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Portugal

 Portugal has had three concordats in the 21st century. The dictator Salazar initiated the right-wing government that controlled Portugal from 1932 until 1974. He concluded two concordats, one for mainland Portugal and a missionary accord for the Portuguese colonies. Both of these 1940 concordats were amended in 1975 after the overthrow of the authoritarian regime. Finally, the 2001 Law on Religious Freedom necessitated a new concordat which was concluded in 2004.

   ♦ 1940 Concordat for Portugal (Article 24 amended in 1975 to allow civil divorce)
   ♦  1940 Concordat for Portuguese colonies (Articles 26-28 amended in 1975)
   ♦  2004 Concordat  

Our Lady of Fátima protects Portugal

With some justification Pope Pius XII claimed that the Virgin Mary had saved Portugal (for the Church). And indeed, both the timely dedication of the nation to her Sacred Heart before the 1940 concordat, and a papal pilgrimmage to her shrine in Portugal before the 2004 concordat seemed calculated to help the negotiations.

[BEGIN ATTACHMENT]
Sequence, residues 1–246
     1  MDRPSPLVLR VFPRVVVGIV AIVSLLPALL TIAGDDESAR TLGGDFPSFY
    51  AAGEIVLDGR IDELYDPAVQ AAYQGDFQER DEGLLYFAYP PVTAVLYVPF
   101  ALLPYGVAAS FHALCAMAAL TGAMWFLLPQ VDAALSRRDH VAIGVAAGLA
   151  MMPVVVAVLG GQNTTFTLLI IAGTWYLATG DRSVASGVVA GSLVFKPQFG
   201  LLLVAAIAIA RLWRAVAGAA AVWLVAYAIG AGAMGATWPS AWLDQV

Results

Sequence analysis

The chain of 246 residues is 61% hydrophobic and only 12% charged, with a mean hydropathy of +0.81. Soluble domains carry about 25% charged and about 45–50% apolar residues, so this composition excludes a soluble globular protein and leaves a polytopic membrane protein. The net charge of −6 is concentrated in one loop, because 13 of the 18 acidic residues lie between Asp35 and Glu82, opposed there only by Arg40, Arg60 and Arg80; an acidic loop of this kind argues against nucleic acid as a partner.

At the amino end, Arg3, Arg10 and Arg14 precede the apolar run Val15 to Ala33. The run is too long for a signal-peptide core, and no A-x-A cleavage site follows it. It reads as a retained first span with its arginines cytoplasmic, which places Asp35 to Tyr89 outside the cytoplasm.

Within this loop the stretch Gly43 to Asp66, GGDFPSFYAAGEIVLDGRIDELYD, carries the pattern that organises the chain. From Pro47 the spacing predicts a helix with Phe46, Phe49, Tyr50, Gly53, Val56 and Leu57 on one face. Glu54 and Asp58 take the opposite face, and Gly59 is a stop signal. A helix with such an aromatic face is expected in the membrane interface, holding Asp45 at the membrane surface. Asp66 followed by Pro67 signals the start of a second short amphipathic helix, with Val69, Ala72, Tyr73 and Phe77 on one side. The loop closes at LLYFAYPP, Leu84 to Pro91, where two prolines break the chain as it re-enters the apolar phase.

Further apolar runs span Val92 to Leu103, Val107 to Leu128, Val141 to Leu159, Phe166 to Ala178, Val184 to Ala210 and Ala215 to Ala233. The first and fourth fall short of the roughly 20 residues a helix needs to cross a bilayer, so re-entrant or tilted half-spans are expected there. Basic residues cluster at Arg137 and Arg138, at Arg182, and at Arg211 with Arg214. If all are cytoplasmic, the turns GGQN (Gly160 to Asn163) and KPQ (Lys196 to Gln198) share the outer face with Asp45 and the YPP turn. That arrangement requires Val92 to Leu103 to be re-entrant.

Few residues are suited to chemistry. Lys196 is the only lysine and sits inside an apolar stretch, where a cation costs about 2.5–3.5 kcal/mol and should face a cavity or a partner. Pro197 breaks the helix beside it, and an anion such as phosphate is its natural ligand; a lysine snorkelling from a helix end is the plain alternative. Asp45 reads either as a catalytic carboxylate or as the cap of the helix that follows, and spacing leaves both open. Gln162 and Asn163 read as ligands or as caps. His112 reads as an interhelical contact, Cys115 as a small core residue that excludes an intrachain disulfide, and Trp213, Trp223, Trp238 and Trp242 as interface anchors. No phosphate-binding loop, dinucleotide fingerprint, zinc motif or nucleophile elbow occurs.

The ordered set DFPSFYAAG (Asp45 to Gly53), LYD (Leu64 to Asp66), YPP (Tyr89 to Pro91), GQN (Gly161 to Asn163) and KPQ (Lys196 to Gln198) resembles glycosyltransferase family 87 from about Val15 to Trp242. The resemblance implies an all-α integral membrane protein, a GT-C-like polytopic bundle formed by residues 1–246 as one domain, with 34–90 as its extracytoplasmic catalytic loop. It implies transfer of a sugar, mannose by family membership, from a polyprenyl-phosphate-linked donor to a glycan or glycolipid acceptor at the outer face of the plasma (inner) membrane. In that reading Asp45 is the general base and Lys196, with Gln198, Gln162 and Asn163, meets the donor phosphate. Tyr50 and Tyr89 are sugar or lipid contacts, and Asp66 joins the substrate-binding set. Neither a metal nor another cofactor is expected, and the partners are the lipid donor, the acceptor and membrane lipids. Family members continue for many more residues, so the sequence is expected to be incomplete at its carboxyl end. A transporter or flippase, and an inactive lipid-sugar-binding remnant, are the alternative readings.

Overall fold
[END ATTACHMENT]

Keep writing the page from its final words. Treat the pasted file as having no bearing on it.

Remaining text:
Salazar's concordat (1940): text

In this secretly signed concordat even the dictator Salazar was reluctant to cement Catholic religion classes in state schools and to outlaw divorce for Catholics. However, on both points the Vatican prevailed. Thus Article 24 denied Catholics their civil right to a divorce until democracy was restored.

Missionary Accord (1940): text

Salazar put the remains of the far-flung Portuguese Empire under this concordat. After World War II, when other European countries were beginning to withdraw from their colonies, he refused to give them independence. Although his regime was overthrown in 1974, Portuguese colonies and even ex-colonies continued to be governed by this concordat until the new concordat of 2004.

Concordat (2004) : text

This concordat was signed in secret in the Vatican by the Portuguese Prime Minister Barroso and only announced afterwards, (a procedure repeated by the President of Brazil in 2008). The agreement introduces a church tax (Art. 26.1) and maintains the teaching in state schools of "Catholic morality" by people appointed by the bishops but paid by the state (Art. 19).

 

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